Mr. Holmes told the court Wednesday that Mr. Vance’s attempts to persuade Maj. Brennan to lie to investigators put her as a single mother in a “precarious spot that caused her considerable distress.”

The guilty plea puts to rest any doubts about the validity of what Maj. Brennan reported a year ago, Mr. Holmes added. Mr. Holmes also reminded the court that while Mr. Vance has suffered from the fallout of the case, “he’s not the victim here.”

Mr. Holmes made the comments after defence lawyer, Rodney Sellar, said Mr. Vance has suffered personally and financially as a result of the case.

Once senior military officers retire, they often take on lucrative contracts either with the government or defence industry. Mr. Sellar said those opportunities “may well have been extinguished” for the 58-year-old former general.

Mr. Sellar argued that Mr. Vance deserved credit for his decades of service to the country. He said that Mr. Vance put his life at risk while serving in the military and argued that he can still be a “great ambassador for our country.”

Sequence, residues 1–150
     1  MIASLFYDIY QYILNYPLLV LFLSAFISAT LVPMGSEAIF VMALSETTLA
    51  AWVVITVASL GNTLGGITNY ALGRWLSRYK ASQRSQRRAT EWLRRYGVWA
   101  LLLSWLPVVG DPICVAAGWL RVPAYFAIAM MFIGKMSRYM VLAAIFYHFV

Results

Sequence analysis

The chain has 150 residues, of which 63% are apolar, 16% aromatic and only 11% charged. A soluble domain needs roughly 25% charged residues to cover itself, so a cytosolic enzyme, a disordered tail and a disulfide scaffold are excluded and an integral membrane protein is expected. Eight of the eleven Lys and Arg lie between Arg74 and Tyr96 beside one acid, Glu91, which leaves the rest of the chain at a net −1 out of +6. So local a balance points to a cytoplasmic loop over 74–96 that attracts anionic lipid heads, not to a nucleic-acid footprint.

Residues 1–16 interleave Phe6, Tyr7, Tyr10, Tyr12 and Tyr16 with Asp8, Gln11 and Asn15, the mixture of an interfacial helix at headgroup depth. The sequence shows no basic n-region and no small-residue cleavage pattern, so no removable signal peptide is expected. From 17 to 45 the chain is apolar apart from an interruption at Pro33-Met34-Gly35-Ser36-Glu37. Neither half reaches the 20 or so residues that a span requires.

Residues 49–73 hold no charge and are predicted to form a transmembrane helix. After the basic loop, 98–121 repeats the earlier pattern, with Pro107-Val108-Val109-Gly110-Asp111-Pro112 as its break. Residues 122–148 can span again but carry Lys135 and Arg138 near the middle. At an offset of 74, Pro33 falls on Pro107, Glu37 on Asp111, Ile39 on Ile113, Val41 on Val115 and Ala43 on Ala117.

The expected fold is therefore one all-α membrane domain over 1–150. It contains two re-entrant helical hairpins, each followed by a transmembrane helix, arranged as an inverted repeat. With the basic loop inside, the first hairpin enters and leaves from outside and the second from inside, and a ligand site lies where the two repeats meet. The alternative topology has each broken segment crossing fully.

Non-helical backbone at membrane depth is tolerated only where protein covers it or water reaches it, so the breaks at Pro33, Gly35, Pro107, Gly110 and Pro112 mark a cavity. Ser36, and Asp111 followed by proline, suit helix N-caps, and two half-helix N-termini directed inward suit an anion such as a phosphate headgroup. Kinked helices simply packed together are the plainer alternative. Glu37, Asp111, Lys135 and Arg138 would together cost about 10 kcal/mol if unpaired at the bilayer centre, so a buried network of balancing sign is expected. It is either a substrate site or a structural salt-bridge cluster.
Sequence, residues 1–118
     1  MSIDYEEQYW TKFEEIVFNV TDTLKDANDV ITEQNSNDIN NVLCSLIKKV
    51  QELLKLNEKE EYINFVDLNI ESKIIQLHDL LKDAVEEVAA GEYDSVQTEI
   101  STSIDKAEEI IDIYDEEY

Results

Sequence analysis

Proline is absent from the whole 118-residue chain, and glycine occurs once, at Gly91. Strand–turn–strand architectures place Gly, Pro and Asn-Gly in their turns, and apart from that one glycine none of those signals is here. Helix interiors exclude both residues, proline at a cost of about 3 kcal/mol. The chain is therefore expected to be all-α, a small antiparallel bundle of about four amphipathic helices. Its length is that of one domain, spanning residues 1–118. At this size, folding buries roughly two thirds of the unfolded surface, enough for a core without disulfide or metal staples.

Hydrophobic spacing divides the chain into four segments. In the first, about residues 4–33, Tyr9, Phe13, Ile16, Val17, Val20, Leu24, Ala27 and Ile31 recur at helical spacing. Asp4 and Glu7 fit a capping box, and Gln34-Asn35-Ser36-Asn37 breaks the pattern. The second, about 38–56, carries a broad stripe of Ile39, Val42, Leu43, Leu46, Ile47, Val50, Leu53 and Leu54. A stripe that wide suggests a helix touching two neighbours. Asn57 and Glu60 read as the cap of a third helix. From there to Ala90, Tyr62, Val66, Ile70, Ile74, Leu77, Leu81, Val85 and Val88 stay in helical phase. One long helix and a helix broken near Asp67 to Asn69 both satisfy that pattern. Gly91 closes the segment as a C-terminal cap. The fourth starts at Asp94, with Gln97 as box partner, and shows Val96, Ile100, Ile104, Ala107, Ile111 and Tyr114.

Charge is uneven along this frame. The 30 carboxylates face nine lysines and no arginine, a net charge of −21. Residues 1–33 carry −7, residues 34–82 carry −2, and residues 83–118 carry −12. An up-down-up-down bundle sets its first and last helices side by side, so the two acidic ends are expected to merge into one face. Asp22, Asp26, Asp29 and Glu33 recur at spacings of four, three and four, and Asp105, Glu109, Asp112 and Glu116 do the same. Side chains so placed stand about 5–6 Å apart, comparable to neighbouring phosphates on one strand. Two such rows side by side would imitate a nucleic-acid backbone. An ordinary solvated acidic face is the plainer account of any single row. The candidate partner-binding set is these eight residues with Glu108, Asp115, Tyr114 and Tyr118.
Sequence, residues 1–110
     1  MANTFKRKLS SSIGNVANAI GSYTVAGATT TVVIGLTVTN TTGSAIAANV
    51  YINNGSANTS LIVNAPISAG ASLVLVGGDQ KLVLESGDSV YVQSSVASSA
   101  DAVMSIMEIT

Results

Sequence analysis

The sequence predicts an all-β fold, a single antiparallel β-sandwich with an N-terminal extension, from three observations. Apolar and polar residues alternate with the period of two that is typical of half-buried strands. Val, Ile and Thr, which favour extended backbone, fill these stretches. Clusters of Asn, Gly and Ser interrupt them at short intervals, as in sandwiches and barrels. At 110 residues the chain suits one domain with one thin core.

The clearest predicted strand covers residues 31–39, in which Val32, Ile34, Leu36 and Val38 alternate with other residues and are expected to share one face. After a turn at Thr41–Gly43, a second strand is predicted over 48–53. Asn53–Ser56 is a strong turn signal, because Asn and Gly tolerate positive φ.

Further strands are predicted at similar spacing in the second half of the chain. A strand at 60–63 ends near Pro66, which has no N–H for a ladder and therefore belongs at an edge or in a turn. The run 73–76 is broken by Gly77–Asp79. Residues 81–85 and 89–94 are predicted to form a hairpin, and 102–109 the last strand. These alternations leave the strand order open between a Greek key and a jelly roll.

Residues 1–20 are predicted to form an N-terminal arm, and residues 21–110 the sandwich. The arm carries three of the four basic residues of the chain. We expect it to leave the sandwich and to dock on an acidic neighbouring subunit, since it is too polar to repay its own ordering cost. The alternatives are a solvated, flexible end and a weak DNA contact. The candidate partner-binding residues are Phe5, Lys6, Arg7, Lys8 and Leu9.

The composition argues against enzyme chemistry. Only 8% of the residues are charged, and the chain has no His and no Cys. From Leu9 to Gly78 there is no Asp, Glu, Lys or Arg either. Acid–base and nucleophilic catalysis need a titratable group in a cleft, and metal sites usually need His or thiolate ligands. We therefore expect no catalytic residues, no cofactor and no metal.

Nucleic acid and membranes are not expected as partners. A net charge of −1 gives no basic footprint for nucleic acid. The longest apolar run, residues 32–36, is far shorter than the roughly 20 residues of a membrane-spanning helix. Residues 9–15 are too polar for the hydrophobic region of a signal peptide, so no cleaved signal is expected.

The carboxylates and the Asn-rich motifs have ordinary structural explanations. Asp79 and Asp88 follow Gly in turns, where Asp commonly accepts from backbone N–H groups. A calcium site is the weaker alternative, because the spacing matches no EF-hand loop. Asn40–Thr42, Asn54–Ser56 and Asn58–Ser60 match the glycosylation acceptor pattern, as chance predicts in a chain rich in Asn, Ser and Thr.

The defence lawyer presented letters to the court from former colleagues of Mr. Vance, all but one of whom were men, attesting to Mr. Vance’s character. He “put the needs of troops first and tirelessly sacrificed his own comfort and lifestyle,” wrote Gavin Liddy, a retired senior civil servant in Ottawa.

Justice Wadden said Mr. Vance’s breach of trust is serious because of the personal impact on Maj. Brennan and because of the societywide impact “to see a commander of your stature behave in this manner.”

Still, in granting the conditional discharge, the judge said based on the information before him, Mr. Vance “other than this, was a man of good character.”

Charlotte Duval-Lantoine, a fellow at the Canadian Global Affairs Institute who specializes in military history, said Mr. Vance’s plea to such a serious charge is precedent setting. She added that Mr. Vance’s defence used his military service as “an alleviating factor to the crime that he committed.”